The 2014 Sochi Olympics were expected to be a triumphant moment for the U.S. speedskating team—and the squad's sponsor, Under Armour. It's been anything but that. After a strong showing on the World Cup circuit, the team headed to the Games in skinsuits that Under Armour developed and called the fastest speedskating suits in the world.
A generation ago, wet laboratory space would’ve included fixed casework, dense with laboratory benches, storage cabinets and equipment, but hardly any space or capacity to hold a meeting or accommodate change. Today, laboratory space design reflects an evolution in both the methods of research and the way that scientists work—individually and with their colleagues.
Clemson Univ. researchers have developed nanoparticles that can deliver drugs targeting damaged arteries, a non-invasive method to fight heart disease. Heart disease is the leading cause of death in the U.S., according to the Centers for Disease Control and Prevention. One of the standard ways to treat clogged and damaged arteries currently is to implant vascular stents, which hold the vessels open and release such drugs as paclitaxel.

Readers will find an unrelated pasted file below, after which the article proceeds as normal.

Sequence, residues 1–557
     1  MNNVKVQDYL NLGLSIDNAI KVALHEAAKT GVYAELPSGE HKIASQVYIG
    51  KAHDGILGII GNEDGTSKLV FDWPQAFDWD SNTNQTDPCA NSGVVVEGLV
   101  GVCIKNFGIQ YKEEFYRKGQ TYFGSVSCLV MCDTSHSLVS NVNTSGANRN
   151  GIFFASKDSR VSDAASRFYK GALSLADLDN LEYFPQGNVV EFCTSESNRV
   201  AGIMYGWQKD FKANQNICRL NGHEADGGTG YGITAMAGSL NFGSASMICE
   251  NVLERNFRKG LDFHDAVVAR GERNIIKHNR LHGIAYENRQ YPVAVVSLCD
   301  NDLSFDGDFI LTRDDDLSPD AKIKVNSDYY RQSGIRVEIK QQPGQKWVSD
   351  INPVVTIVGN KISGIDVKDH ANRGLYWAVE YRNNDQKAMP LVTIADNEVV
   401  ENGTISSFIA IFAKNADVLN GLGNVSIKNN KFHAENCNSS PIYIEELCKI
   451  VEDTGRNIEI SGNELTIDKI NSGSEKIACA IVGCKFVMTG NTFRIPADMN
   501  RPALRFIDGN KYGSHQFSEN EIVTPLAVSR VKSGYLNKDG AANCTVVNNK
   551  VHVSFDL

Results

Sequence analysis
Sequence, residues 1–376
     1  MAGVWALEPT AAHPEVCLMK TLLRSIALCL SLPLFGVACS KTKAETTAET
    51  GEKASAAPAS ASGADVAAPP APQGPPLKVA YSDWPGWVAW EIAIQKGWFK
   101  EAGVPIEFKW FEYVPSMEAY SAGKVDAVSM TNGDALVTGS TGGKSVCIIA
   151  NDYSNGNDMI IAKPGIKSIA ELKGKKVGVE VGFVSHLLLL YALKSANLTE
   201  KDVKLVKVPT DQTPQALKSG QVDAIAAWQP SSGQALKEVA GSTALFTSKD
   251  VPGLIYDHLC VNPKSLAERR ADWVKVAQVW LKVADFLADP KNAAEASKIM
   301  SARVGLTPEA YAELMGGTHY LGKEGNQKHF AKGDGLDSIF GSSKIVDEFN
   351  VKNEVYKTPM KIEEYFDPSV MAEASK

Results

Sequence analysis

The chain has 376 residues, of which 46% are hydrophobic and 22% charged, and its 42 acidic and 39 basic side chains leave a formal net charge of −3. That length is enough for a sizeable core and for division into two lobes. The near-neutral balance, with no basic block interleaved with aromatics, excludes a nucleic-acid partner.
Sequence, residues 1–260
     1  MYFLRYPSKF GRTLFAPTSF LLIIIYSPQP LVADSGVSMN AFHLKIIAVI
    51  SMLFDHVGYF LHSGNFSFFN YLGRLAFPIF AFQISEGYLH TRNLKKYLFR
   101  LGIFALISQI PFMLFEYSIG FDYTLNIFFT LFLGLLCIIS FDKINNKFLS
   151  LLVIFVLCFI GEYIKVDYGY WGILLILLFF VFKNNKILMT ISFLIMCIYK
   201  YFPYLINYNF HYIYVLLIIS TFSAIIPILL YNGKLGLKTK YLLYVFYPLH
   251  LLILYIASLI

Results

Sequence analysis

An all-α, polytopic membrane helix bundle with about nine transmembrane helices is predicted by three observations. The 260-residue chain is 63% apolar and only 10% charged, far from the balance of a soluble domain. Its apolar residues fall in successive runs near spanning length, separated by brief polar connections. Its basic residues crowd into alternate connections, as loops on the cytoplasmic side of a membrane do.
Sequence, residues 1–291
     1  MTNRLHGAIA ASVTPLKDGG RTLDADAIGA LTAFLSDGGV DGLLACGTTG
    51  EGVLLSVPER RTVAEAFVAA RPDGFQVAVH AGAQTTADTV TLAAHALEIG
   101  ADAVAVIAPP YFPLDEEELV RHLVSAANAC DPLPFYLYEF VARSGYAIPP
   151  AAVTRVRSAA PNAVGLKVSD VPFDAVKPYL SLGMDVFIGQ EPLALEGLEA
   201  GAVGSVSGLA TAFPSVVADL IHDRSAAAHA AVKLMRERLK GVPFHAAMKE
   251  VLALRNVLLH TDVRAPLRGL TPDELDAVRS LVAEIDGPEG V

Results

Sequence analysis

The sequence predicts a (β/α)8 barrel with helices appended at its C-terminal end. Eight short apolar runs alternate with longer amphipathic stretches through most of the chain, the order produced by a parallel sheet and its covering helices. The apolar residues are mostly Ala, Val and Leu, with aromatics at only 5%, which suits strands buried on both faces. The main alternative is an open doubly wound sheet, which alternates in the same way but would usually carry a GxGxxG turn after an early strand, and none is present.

The Navy plans to deploy its first laser on a ship later this year, and it intends to test an electromagnetic rail gun prototype aboard a vessel within two years. For the Navy, it's not so much about the whiz-bang technology as it is about the economics of such armaments. Both costs pennies on the dollar compared with missiles and smart bombs, and the weapons can be fired continuously, unlike missiles and bombs, which eventually run out.
One of the main challenges for engineers trying to make practical terahertz wave devices is making the lasers powerful and compact enough to be useful. Engineers in the U.K. have reported their new quantum cascade terahertz laser exceeds 1 W output power. The new record more than doubles landmarks set by the Massachusetts Institute of Technology and subsequently by a team from Vienna last year.